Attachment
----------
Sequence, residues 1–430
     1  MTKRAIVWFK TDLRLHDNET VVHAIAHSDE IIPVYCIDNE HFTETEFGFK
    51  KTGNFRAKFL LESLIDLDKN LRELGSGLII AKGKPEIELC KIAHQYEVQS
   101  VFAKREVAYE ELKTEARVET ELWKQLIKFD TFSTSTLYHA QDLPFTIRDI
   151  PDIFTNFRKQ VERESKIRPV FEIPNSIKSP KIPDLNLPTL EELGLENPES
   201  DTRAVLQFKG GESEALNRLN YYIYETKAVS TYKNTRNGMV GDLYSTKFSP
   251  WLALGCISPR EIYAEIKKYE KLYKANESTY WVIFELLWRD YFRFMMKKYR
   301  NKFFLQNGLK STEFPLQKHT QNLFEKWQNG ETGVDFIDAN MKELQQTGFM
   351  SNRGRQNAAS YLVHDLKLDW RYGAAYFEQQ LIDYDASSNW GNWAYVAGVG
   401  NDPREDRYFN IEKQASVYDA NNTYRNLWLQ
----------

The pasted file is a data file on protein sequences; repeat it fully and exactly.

Sequence, residues 1–430
     1  MTKRAIVWFK TDLRLHDNET VVHAIAHSDE IIPVYCIDNE HFTETEFGFK
    51  KTGNFRAKFL LESLIDLDKN LRELGSGLII AKGKPEIELC KIAHQYEVQS
   101  VFAKREVAYE ELKTEARVET ELWKQLIKFD TFSTSTLYHA QDLPFTIRDI
   151  PDIFTNFRKQ VERESKIRPV FEIPNSIKSP KIPDLNLPTL EELGLENPES
   201  DTRAVLQFKG GESEALNRLN YYIYETKAVS TYKNTRNGMV GDLYSTKFSP
   251  WLALGCISPR EIYAEIKKYE KLYKANESTY WVIFELLWRD YFRFMMKKYR
   301  NKFFLQNGLK STEFPLQKHT QNLFEKWQNG ETGVDFIDAN MKELQQTGFM
   351  SNRGRQNAAS YLVHDLKLDW RYGAAYFEQQ LIDYDASSNW GNWAYVAGVG
   401  NDPREDRYFN IEKQASVYDA NNTYRNLWLQ